Monthly Archives: March 2015






My father’s sneeze always came in threes;
a series of escalating, shattering explosions.
We would watch the spectacle,
our amusement tinged with awed reverence.
The very air in the living-room retreated,
quailing from its impact. Our eardrums
reverberated from its echoes.
After the climax, he would look around,
skin flushed with a roseate glow,
eyes gleaming with exultation,
and release a laugh of sheer merriment.
The pleasure he felt from his prowess;
the thrill of its purifying power.

As I approach the age he was then,
I realize he must have appreciated it
as one of the dwindling catalogue
of pure pleasures, granted us
by our ageing bodies:
the simple grace of
a perfect bowel motion;
the cleansing burp,
lifting the heart;
the thunderous, brute
exhilaration of the fart;
the rare, yet still salvatory
spasm that signals
the (inevitably)
onanistic orgasm.

I sneezed while I was relaxing in the bath, the other day.  A sneeze is one of those mundane, everyday occurrences that you wouldn’t normally think about as a subject for a poem, but followers of this blog will be familiar with my habit of reading anthologies of verse in the bath, so bath-time, for me, has an automatic association with poetry.  Immediately after the sneeze, I began thinking about the curious nature of the event, and how everyone sneezes in their own, idiosyncratic manner.  When I sneeze, it is invariably a double event – the first sneeze followed immediately by a slightly louder explosion.  I remembered how spectacular my father’s sneezing had been, and realized that the sneeze could, after all, be the material for a poem.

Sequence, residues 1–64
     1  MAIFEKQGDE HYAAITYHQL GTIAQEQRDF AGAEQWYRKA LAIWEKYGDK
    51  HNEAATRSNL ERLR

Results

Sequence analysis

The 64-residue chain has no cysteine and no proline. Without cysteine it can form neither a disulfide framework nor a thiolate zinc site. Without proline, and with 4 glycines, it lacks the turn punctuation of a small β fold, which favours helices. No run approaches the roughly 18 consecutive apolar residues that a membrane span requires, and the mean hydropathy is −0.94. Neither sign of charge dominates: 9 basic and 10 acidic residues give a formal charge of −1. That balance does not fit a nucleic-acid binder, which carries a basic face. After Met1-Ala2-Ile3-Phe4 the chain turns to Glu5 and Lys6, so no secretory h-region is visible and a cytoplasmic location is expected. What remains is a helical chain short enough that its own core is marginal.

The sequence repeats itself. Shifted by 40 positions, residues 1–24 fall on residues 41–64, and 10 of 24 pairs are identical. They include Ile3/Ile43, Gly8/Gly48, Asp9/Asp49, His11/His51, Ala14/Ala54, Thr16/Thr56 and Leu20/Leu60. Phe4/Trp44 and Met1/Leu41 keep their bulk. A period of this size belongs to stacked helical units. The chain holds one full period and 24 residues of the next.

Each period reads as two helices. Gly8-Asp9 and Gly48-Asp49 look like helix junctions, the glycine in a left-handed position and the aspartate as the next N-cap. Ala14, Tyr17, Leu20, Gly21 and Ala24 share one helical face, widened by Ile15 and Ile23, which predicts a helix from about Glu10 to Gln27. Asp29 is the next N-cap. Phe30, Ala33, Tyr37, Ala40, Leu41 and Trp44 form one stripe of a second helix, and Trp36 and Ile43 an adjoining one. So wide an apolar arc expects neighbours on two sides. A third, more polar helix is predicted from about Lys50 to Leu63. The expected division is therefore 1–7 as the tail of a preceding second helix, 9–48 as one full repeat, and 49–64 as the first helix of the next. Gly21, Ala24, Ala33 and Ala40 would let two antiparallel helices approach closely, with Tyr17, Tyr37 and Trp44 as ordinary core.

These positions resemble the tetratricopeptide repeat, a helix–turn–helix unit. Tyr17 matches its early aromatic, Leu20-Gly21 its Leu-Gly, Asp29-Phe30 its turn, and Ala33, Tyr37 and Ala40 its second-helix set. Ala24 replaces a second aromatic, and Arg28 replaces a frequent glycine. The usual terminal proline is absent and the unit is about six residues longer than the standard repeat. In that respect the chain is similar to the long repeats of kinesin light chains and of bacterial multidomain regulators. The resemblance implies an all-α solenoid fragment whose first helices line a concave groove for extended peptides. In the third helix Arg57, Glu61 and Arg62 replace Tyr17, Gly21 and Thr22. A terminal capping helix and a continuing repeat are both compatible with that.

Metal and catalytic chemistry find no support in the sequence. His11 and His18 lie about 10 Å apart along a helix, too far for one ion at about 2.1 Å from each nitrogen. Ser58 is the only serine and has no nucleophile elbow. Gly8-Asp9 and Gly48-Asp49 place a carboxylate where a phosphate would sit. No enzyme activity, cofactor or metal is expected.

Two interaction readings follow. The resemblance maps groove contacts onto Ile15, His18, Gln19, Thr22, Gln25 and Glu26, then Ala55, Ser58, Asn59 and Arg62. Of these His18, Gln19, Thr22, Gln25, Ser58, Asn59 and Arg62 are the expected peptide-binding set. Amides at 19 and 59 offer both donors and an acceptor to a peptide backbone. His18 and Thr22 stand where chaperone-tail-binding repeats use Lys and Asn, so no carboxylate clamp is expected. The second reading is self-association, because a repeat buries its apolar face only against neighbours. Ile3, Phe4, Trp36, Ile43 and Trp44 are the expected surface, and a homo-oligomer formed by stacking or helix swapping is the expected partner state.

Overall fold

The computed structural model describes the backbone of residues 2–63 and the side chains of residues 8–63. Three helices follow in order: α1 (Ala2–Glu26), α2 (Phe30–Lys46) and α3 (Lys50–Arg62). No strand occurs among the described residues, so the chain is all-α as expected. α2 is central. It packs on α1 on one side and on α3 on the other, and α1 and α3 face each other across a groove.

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The Fallen



It was the day of the fallen: Madonna and me.
Ageing rock goddess; unknown poet.
Random blip in time; no-one would know it.
She fell at “The Brits”, I saw on TV.

“Should she be doing this, at her age?”
But she controlled her pain, suppressed her rage,
stepped, calmly, back onto the stage.

There was drama in her fall, undoubtedly,
but I like to think, personally,
of the drama in the fall that happened to me.

My foot clipping the top of the kerb;
this simple act, enough to disturb
the whole ongoing mass of me.

Out of my element, floundering in air.
My big shopping bag, sailing in the air.
My bunch of silver keys, soaring in the air.
My overweight bulk, suspended in air.

Landing, on my side, so heavily.
Heavily, heavily, so heavily.
I landed, like a whale, so heavily.
Like a whale, a beached whale,
sore from lack of sea.

My Oxford English Dictionary has the following entry, under the definition of “kerb”: Do not confuse kerb with curb.  Kerb means “the stone edging of a pavement”, while curb means “control or limit something” (she promised to curb her temper) or “a control or limit”.  In American English, the spelling curb is used for all these senses.

So “kerb” and “curb” are homophones that the OED advises you not to confuse.  When I had a bad fall, just over a week ago, incurred by simply crossing a road and tripping over the kerb, I suppose you could say I fused or confused the two words, for this particular kerb certainly put a “curb” on my on-going progress.  Kerbs can be dangerous things, and should be approached with care and caution; take it as advice from one who knows!

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